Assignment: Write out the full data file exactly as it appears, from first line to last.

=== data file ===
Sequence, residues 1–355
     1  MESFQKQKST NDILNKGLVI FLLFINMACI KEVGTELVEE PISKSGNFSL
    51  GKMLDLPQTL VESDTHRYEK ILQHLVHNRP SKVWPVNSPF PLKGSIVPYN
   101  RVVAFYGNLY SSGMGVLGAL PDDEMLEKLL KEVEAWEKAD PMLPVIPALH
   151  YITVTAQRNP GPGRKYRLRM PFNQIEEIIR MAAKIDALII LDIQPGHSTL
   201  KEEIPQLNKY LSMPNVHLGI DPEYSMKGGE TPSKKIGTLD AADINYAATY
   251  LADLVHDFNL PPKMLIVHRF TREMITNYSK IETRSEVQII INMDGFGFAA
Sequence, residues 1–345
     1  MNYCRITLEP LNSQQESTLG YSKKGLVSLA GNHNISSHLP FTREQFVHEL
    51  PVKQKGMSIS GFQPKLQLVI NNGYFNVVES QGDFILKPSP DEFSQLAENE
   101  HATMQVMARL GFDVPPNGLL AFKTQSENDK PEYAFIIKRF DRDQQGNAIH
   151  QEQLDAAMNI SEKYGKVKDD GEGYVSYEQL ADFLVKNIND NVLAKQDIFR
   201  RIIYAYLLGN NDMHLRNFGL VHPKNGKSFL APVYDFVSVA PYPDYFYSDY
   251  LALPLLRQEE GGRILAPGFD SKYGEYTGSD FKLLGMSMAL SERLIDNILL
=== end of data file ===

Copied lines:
Sequence, residues 1–355
     1  MESFQKQKST NDILNKGLVI FLLFINMACI KEVGTELVEE PISKSGNFSL
    51  GKMLDLPQTL VESDTHRYEK ILQHLVHNRP SKVWPVNSPF PLKGSIVPYN
   101  RVVAFYGNLY SSGMGVLGAL PDDEMLEKLL KEVEAWEKAD PMLPVIPALH
   151  YITVTAQRNP GPGRKYRLRM PFNQIEEIIR MAAKIDALII LDIQPGHSTL
   201  KEEIPQLNKY LSMPNVHLGI DPEYSMKGGE TPSKKIGTLD AADINYAATY
   251  LADLVHDFNL PPKMLIVHRF TREMITNYSK IETRSEVQII INMDGFGFAA
Sequence, residues 1–345
     1  MNYCRITLEP LNSQQESTLG YSKKGLVSLA GNHNISSHLP FTREQFVHEL
    51  PVKQKGMSIS GFQPKLQLVI NNGYFNVVES QGDFILKPSP DEFSQLAENE
   101  HATMQVMARL GFDVPPNGLL AFKTQSENDK PEYAFIIKRF DRDQQGNAIH
   151  QEQLDAAMNI SEKYGKVKDD GEGYVSYEQL ADFLVKNIND NVLAKQDIFR
   201  RIIYAYLLGN NDMHLRNFGL VHPKNGKSFL APVYDFVSVA PYPDYFYSDY
   251  LALPLLRQEE GGRILAPGFD SKYGEYTGSD FKLLGMSMAL SERLIDNILL